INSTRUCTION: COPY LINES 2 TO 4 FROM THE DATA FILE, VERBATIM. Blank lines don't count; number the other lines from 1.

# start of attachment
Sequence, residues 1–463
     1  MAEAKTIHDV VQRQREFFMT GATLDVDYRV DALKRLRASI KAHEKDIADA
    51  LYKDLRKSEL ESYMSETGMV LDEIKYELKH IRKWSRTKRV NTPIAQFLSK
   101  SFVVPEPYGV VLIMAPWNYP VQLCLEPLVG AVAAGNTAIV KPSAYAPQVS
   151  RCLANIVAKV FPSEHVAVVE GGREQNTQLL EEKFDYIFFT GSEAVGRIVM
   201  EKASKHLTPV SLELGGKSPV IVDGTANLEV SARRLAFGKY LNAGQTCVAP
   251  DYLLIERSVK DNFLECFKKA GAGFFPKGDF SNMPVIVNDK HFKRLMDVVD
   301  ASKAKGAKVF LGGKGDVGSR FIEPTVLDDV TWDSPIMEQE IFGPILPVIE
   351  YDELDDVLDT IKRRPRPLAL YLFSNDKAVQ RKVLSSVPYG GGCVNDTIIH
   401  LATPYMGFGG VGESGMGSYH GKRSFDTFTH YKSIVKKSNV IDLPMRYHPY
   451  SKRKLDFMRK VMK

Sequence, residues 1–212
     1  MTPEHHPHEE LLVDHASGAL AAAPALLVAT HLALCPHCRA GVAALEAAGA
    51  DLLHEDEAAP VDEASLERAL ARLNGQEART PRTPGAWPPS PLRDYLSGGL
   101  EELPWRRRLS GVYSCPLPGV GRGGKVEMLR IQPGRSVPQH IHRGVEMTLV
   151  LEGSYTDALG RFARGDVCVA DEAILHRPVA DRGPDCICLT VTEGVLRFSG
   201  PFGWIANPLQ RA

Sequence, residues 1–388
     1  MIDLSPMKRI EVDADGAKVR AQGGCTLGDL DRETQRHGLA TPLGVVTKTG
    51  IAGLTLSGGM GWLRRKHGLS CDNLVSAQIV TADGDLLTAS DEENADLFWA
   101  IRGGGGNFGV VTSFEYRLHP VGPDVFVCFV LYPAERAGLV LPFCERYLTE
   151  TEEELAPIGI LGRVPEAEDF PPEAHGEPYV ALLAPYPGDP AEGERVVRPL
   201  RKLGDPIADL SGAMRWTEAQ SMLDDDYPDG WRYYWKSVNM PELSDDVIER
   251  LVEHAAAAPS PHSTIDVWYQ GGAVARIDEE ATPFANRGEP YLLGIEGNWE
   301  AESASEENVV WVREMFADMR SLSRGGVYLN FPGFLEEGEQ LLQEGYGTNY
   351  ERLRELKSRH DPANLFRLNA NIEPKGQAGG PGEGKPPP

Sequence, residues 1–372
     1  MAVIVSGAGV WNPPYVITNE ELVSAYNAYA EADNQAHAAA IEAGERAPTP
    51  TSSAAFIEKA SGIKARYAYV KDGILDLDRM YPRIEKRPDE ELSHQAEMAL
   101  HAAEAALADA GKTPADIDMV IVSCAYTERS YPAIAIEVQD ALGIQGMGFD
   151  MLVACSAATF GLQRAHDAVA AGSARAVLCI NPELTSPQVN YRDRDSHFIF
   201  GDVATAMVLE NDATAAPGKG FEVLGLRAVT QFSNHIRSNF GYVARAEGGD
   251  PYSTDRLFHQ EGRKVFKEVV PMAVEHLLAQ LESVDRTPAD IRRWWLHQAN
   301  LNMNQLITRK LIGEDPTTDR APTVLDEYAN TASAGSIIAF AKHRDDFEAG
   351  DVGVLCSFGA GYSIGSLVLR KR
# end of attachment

     1  MAEAKTIHDV VQRQREFFMT GATLDVDYRV DALKRLRASI KAHEKDIADA
    51  LYKDLRKSEL ESYMSETGMV LDEIKYELKH IRKWSRTKRV NTPIAQFLSK
   101  SFVVPEPYGV VLIMAPWNYP VQLCLEPLVG AVAAGNTAIV KPSAYAPQVS